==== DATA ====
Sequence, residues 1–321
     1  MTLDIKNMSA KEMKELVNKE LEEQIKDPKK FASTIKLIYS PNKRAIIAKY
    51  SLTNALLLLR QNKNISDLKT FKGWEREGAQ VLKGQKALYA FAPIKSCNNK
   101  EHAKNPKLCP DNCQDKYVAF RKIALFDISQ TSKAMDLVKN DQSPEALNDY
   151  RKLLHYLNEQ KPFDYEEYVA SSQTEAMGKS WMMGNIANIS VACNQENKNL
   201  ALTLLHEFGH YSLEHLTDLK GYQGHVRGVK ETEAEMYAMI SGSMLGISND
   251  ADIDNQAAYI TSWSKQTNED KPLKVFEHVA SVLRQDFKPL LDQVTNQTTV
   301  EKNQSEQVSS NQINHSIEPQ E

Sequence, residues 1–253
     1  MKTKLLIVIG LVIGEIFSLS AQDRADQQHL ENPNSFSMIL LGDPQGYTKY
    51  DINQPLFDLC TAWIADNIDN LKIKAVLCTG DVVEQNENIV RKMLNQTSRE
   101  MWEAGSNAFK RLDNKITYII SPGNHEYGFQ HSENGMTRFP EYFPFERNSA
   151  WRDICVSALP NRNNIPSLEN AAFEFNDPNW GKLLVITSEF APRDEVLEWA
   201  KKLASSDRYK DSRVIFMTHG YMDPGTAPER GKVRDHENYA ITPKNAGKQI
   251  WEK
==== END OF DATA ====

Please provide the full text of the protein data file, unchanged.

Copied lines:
Sequence, residues 1–321
     1  MTLDIKNMSA KEMKELVNKE LEEQIKDPKK FASTIKLIYS PNKRAIIAKY
    51  SLTNALLLLR QNKNISDLKT FKGWEREGAQ VLKGQKALYA FAPIKSCNNK
   101  EHAKNPKLCP DNCQDKYVAF RKIALFDISQ TSKAMDLVKN DQSPEALNDY
   151  RKLLHYLNEQ KPFDYEEYVA SSQTEAMGKS WMMGNIANIS VACNQENKNL
   201  ALTLLHEFGH YSLEHLTDLK GYQGHVRGVK ETEAEMYAMI SGSMLGISND
   251  ADIDNQAAYI TSWSKQTNED KPLKVFEHVA SVLRQDFKPL LDQVTNQTTV
   301  EKNQSEQVSS NQINHSIEPQ E

Sequence, residues 1–253
     1  MKTKLLIVIG LVIGEIFSLS AQDRADQQHL ENPNSFSMIL LGDPQGYTKY
    51  DINQPLFDLC TAWIADNIDN LKIKAVLCTG DVVEQNENIV RKMLNQTSRE
   101  MWEAGSNAFK RLDNKITYII SPGNHEYGFQ HSENGMTRFP EYFPFERNSA
   151  WRDICVSALP NRNNIPSLEN AAFEFNDPNW GKLLVITSEF APRDEVLEWA
   201  KKLASSDRYK DSRVIFMTHG YMDPGTAPER GKVRDHENYA ITPKNAGKQI
   251  WEK